Anyone who saw the Dirty Few early on and thought it was just a half-decent garage-rock band should see it now. At an album-release show at 3 Kings Tavern this past January, the bandmembers not only played the show like rock-and-roll wildmen, but they really got the crowd fired up, then fed off that energy with increasing intensity throughout the night. Crowd-surfing alternated seamlessly between audience members and bandmembers as momentum and excitement continued to build to the very end. It would be difficult to point to a more salient example of people having pure, unadulterated fun at a rock show.

Jesse Sola has been producing interesting ambient music on an international level since the 1990s. And because his music has been picked up by various ambient labels over the years, Sola, who still plays live occasionally, has had access to some of the most important and influential artists of the genre. Over the past decade or so, he's hosted Hearts of Space regular Robert Rich at his house, and last summer, Rich was set up with banks of synths and electronics in Sola's living room, with a small group of ambient aficionados in attendance. Having Rich there in person, manipulating the electronics and playing a homemade PVC flute and a lap steel to create expansive sonic spaces, grounded music that can often be too abstract and ethereal for some tastes.

The anime community, which wraps Japanese animation and video-game fandom up with an exquisite propensity for cosplay and costumery, is tight in Denver, and it showed off with abandon at this fall's Nan Desu Kan, an annual hotel takeover that's out of this world. You feel as if you've stepped into another world at NDK, where manga characters come alive and jostle in the hallways, and Lolita gear, plush pink Arpakasso alpacas, Gloomy Bears, samurai swords, Totoro T-shirts and kigurumi costumes rub shoulders in one magical place. Need a vacation to another planet? NDK will be back in September.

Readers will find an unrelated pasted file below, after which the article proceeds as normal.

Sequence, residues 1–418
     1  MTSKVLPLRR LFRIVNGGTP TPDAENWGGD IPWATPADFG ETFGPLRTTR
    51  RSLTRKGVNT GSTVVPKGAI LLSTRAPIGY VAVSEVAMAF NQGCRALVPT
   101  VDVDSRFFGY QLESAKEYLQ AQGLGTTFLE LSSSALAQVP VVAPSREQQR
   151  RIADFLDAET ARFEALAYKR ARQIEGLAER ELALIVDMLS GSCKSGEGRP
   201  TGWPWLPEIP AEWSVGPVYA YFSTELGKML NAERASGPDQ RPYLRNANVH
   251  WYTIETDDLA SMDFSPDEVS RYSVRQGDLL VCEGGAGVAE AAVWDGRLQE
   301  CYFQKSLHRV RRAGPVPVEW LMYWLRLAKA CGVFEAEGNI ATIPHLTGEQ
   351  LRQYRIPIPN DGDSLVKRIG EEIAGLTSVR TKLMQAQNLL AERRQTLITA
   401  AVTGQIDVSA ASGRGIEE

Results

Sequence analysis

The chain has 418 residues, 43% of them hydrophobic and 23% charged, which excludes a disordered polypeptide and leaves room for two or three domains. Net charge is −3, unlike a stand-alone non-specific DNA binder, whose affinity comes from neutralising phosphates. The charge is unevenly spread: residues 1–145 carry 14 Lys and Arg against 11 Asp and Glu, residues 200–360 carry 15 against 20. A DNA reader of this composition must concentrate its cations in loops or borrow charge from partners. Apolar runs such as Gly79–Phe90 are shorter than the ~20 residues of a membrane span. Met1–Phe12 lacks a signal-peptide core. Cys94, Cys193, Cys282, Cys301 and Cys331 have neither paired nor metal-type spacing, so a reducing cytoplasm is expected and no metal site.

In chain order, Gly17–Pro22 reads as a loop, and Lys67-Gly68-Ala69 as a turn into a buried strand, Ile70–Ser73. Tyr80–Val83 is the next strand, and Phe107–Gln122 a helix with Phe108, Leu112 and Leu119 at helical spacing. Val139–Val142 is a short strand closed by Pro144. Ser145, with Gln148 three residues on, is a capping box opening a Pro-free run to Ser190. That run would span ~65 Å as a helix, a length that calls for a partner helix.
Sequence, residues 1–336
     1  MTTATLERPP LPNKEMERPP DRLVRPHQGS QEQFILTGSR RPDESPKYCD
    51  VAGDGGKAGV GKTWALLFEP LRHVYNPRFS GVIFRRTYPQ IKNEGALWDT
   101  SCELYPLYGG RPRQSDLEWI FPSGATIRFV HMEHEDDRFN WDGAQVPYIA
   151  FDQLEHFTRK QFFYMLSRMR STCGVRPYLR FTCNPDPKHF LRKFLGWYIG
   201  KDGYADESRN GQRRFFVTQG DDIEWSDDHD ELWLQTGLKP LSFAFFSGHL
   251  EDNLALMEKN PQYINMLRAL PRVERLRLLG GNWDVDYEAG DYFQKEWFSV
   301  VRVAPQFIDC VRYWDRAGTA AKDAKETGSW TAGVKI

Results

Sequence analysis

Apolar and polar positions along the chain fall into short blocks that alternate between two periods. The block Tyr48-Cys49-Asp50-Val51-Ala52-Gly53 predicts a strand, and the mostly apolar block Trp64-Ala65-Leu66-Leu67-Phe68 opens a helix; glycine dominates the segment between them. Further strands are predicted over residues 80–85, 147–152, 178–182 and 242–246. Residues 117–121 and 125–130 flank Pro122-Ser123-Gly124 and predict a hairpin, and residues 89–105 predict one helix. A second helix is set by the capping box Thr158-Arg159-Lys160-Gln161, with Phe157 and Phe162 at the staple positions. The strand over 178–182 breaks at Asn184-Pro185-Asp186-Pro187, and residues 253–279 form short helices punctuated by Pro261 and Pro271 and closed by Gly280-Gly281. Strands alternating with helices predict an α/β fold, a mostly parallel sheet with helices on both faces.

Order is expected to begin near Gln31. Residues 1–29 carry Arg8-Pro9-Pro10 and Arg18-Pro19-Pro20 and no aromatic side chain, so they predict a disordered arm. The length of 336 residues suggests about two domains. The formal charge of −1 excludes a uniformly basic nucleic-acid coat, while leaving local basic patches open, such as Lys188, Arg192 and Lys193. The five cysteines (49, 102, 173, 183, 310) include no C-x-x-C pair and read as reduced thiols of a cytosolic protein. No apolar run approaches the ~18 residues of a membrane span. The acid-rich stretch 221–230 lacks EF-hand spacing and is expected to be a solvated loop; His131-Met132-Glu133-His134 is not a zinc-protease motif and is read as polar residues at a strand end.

There are a lot of great parties in the art world, but they usually attract very specific crowds. Design After Dark attracts all kinds, however. The annual February event supports Darrin Alfred's Architecture, Design and Graphics department at the Denver Art Museum, and the 2013 version took place inside the newly rehabbed McNichols Building, with Design After Dark favorite James Holden flying in from L.A. to serve as DJ. The theme was "Cirque," and in addition to such circus fare as stilt walkers and mini-hot dogs, it featured an auction of artist- and designer-made projects, with the likes of DoubleButter, Jonathan Saiz, tres birds workshop and more than a dozen others donating pieces.

The 2012 Denver County Fair, the event's sophomore edition, might have experienced a few growing pains, but the modern urban take on a rural tradition is already gearing up for year three, and it promises to be the best yet. Cornerstone activities — including the proliferating blue-ribbon competitions in categories ranging from traditional to hipsterized to just plain silly, Andrew Novick's X-Treme Pancake Breakfast, animal displays and performances, and non-stop events on multiple stages — will be back, fair organizers promise. There will also be a series of daily headlining acts absent from last year's fair, as well as a new History Pavilion that's bound to be a hit. No other event expresses so well the pop culture and spirit of modern Denver — its drag queens and zombie-walkers, steampunks and artists, crafters and chicken-keepers, foodies and fashionistas. Give this annual fest a blue ribbon!